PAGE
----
SEATTLE - In-home caregivers rarely have a day away from their clients. This weekend, however, they're meeting in Seattle to strategize about how to boost the public awareness and professionalism of their industry.
Caregivers such as Cylvia Laybourn of Bremerton say having more training would help. When she came to Washington three years ago, she received 32 hours of training and says it isn't enough for some of the complex situations in-home caregivers face.
"Quadriplegics, people with Alzheimer's, Parkinson's, wheelchair-bound, bed-bound patients - as their health declines, they need more care. In order to provide them with the best care possible, we need to be trained properly, so that we can better assess their needs and help them live as independent a life as they can."
Laybourn thinks some people assume that because in-home care can include chores and errands, it is unskilled work. She says that's far from the reality.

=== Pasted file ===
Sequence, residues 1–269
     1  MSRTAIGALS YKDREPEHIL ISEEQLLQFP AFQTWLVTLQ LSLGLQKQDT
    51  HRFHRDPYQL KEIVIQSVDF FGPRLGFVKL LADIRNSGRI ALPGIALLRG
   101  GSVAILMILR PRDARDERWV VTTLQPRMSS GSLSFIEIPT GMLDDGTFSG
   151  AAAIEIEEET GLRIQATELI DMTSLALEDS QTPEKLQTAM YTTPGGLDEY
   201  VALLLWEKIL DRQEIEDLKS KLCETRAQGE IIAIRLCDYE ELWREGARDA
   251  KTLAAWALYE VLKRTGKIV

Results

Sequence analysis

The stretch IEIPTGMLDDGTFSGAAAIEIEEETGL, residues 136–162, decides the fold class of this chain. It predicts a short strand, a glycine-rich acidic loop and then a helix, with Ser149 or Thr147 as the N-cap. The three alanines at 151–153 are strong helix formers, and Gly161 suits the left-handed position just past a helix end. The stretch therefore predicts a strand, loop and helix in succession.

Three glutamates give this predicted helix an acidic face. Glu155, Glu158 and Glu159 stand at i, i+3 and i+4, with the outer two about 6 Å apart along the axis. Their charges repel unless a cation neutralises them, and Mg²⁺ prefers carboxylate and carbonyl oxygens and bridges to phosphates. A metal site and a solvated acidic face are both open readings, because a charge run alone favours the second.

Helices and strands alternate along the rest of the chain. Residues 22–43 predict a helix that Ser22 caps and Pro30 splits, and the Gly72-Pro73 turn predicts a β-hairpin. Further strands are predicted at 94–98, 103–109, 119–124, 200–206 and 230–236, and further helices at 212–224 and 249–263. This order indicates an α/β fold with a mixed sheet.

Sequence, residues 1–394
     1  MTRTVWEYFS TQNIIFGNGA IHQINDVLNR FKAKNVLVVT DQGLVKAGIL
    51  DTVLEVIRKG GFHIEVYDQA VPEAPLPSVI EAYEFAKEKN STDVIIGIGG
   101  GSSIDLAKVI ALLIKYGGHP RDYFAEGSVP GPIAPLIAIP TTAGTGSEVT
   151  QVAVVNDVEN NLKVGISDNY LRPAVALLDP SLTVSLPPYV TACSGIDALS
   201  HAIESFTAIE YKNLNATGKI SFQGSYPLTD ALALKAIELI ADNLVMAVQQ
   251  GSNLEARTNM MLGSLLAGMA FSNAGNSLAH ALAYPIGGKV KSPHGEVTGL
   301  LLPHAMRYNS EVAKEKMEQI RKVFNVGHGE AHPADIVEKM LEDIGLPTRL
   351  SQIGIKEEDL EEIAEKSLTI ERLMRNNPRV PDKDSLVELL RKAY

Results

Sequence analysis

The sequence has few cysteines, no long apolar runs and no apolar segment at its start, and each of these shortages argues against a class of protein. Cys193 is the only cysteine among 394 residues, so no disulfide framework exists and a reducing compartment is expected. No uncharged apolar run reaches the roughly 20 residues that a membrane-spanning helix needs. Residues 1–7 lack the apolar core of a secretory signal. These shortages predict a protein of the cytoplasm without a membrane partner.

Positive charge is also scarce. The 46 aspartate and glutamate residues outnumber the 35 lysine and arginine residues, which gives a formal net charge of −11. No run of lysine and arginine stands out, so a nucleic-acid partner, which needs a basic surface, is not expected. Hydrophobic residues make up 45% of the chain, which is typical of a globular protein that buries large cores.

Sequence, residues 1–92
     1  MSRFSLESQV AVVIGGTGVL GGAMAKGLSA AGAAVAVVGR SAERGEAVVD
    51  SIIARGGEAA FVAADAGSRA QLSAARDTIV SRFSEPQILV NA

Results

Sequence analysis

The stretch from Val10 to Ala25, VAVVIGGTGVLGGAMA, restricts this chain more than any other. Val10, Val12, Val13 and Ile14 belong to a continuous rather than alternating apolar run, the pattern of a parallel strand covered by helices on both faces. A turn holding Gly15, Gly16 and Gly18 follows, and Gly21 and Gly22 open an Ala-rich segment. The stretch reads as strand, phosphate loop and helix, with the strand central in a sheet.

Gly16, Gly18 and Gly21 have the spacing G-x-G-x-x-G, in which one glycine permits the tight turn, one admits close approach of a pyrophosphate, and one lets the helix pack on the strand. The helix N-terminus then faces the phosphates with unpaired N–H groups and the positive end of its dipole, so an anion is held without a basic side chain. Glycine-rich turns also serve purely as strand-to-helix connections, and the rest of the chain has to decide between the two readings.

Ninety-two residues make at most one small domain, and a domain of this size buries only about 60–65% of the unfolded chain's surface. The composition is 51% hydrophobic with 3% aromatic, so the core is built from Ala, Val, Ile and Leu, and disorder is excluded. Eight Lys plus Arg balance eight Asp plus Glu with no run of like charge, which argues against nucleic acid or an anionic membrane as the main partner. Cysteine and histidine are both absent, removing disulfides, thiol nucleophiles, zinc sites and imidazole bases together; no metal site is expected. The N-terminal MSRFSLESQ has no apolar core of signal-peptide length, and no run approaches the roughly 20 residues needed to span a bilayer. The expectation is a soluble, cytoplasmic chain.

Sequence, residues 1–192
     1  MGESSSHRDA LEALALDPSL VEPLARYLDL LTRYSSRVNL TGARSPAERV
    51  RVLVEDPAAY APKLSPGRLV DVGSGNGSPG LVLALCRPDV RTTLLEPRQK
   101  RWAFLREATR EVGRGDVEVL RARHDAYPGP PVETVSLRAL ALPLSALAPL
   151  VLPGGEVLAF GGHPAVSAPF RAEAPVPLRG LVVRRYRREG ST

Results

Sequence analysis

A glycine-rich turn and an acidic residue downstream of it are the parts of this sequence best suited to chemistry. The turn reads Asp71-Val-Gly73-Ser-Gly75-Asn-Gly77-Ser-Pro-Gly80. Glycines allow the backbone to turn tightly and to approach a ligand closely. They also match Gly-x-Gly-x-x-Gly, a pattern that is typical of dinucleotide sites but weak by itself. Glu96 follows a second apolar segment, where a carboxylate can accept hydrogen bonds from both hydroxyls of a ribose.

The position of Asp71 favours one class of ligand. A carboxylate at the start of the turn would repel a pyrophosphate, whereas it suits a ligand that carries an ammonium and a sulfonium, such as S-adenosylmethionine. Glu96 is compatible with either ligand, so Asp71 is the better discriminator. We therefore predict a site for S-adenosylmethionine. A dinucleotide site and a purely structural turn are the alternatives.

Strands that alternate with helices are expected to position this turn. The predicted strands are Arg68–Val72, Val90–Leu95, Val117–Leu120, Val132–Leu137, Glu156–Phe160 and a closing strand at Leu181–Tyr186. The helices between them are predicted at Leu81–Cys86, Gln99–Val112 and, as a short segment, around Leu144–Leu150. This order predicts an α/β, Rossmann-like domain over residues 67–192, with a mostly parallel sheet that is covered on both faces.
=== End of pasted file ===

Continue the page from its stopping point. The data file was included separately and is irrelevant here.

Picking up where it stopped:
In Washington, the Service Employees International Union
(SEIU) Local 775 is backing a November ballot measure, Initiative 1163, which would create a certification process and mandate background checks for in-home caregivers. It will be among the topics at this weekend's conference.
A new report
is sure to be a conference topic as well. It ranks Washington second overall in long-term services and supports compared with other states, but it says the state could do better in multiple areas, including its number of in-home caregivers.
Laybourn, who has been working in the field for 13 years, says it's a tough career to convince others to try.
"It barely pays over $10 an hour. We're all living at poverty level. We as caregivers live at the poverty level because we don't get paid that much. We don't get respected and recognized as a profession, and yet we do the same work that nursing assistants do in nursing homes."
If Washington improved its performance to the level of Minnesota, the top state in the rankings, AARP estimates more than 3,000 people could receive in-home care rather than as nursing-home patients.
The conference will be held Saturday and Sunday at the SeaTac Doubletree hotel, 18740 International Blvd., Seattle. The AARP report is online at longtermscorecard.com